Upon arriving in the nation's capital, Elvis decides he wants a doughnut. While waiting for his order, he encounters some unsavory types who notice his five big gold rings and three necklaces.
"That's some nice jewelry," one thug says.
"Yeah, and I aim to keep it," says Elvis, raising one leg of his bell bottoms to reveal a snub-nosed revolver strapped to his right ankle.
And then he decided to go meet Nixon.
My friend Andre Natta linked to this locally produced commercial for Cantina, a Lakeview restaurant. It has gone viral, because the tune is catchy, "Whattaya do when your war buddy dies?" They're over 150,000 views on that spot by now.
The food isn't bad either. Cantina is one of the restaurants beneath al.com, so we had more than a few meals there. Never had the garlic fries, though. That's part of the solution to your war buddy dying.
Tonight I drove to Tuscaloosa for another class, this one on the future of journalism. Oddly enough the class is being taught by one of the biggest journalism historians of our time.
He was not interested in staying very long tonight. I drove longer than we met. We'll only meet a handful of times over the semester. That's OK, I've got the entire term figured out. It shouldn't be too difficult, but will prove beneficial. We'll get into more of the details on that soon enough.
Which brings us to our other topic to think about. I'm due a web site change. The general format has held serve for quite some time. What should come of it?
I'm brainstorming ideas, will be for a while, and welcome yours too.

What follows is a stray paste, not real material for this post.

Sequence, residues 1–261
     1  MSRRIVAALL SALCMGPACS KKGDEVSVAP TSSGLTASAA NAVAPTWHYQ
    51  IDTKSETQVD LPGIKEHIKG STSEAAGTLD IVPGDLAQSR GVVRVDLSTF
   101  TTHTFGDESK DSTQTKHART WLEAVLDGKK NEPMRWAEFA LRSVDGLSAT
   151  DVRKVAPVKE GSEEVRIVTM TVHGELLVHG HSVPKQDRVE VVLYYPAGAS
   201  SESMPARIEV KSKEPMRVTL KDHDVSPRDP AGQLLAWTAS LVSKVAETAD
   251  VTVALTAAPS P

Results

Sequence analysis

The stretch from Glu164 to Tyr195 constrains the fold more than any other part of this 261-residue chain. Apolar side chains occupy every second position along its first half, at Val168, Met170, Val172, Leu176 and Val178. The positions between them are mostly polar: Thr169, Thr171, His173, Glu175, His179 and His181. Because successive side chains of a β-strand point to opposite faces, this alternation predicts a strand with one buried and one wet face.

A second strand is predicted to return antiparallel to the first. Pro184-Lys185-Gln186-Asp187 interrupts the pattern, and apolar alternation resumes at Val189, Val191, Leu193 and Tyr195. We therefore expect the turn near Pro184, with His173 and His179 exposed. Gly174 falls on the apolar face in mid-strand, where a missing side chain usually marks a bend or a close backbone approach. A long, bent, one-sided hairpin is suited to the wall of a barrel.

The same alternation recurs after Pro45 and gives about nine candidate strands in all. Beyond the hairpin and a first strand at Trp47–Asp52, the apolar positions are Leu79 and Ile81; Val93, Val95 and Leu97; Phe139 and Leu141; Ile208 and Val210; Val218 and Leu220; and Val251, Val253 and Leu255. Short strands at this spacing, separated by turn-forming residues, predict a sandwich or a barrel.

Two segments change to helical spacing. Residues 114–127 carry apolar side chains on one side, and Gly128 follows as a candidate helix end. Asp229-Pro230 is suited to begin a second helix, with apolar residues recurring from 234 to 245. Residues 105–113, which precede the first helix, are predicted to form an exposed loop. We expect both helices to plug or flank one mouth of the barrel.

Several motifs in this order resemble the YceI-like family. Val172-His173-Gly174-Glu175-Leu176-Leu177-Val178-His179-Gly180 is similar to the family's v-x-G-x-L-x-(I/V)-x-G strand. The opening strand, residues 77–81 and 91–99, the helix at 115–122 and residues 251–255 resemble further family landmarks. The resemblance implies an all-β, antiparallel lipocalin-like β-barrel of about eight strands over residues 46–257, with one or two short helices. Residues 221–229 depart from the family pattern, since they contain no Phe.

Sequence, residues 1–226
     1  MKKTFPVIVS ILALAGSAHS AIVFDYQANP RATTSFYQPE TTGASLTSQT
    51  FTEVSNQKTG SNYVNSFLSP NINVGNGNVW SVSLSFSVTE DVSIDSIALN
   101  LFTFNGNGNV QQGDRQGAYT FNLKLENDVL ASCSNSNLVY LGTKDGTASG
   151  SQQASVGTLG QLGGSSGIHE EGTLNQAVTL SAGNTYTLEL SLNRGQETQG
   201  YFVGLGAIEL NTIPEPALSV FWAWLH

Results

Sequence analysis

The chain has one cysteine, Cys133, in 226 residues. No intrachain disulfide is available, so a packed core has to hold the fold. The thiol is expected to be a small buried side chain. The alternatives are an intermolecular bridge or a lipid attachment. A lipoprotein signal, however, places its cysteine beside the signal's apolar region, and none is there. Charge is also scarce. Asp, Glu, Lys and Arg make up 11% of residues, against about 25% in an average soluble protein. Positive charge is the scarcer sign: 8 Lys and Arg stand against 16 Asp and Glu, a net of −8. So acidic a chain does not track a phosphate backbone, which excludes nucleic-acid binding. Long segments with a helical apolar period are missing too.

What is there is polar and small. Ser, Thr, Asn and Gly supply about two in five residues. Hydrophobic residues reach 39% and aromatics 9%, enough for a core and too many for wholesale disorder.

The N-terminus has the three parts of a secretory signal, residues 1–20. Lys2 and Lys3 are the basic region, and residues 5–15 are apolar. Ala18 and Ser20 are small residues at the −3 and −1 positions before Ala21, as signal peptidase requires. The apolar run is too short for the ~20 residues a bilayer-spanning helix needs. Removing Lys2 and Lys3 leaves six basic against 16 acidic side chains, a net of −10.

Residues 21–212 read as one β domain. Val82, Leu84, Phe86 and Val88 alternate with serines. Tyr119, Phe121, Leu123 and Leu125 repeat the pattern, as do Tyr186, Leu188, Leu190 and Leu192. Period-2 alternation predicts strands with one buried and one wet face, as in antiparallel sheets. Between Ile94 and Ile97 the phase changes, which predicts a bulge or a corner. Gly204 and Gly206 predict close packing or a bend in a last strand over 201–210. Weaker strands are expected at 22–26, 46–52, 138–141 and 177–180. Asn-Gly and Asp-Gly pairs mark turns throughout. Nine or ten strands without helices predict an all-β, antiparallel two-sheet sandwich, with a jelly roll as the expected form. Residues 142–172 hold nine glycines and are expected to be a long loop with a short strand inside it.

So this is criminally light for the day -- what else is new? -- but we'll get back on track with more useful stuff in the very near future. Next week, even.
Two classes today, stretched out over 12 hours or so. This was a long first day back. Wednesdays look to be the week's long days this semester. That shouldn't be too bad, last fall Monday-through-Wednesday were the long days.
Today was pedagogy, or the study of being a teacher. Our curriculum teaches this in the second semester, which means that most of the people in the room have already taught a small handful of classes. If that seems backwards to you then you're in the right line.
This is my final semester. I learned today that I enjoyed saying that in the obligatory getting-to-know-all-about-you portion of classes. Anyway, the pedagogy teacher is one of the really great ones, and we're lucky to have her. She's also on my committee, and I'm lucky to have her there. She's The Yankee's committee chair. We know how to stack the deck, it seems.
After that class I had a meeting with that professor, set up a meeting with another professor and then went out for Indian food for lunch.
After that was an afternoon of reading, because we're back into study modes now.
This evening was the first meeting of my qualitative class. The professor seems like a very nice guy -- he's from a different college, so I don't know anything about him. He's young and enthusiastic. The class seems like it will be a good one.
But, since we lost a week's worth of class time to the football game, we're a week behind which means he was intent to catch up tonight, which meant the class lasted until about 9 p.m.
Also tonight, on Newspaper Archive I found mentions of the draft notices for my great-grandfather. The local papers published the names of the young men who were called up, who passed their first physical and then were put into the training system.